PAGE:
Rambo. Sure, why not? Sylvester Stallone's one-man death squad is an interesting outgrowth of the '80s, or at least he originally was in First Blood. Essentially an account of a killing-machine that's turned against its makers, the first movie was fascinatingly packed with contradictions, awkwardly perched between a '70s-styled critique of surplus male aggression and the new decade's sheer enshrinement of it. The two sequels are less confused, thus less interesting, but the films always made for intriguing relics of their eras. The latest film, written and directed by Stallone, finds John Rambo catching snakes in the Thai jungle, his back turned on the horror around him ("Fuck the world" is one of his few lines not mumbled beyond recognition). The old warrior is a sad pagliacci, really, until the fair maiden (Julie Benz) is threatened by hordes of expendable Asian jackals, and the hero opens not a can of whupass but an entire encyclopedia of ways to dismember the human body. ("I've seen some shit, but never shit like this," one mercenary marvels at the vast carnage. The audience is supposed to do the same.) Like Rocky Balboa, Rambo is Stallone's attempt at giving one of his iconic characters a decent Viking funeral -- he surveys his own private D-Day invasion, then gives himself a pastoral coda. Sly may be a crass tyrannosaurus, but he's not a fake.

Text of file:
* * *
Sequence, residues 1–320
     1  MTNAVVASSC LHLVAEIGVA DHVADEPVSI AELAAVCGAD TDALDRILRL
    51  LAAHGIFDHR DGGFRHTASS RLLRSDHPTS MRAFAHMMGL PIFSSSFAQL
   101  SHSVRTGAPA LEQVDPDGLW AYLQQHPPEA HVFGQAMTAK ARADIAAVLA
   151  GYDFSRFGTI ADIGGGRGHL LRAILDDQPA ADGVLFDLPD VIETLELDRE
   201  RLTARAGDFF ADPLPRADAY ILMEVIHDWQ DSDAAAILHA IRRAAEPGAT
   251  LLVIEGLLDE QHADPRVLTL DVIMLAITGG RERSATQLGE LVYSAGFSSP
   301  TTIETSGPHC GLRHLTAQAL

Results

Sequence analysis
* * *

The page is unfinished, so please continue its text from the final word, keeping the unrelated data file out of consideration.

Reviewed February 17, 2008.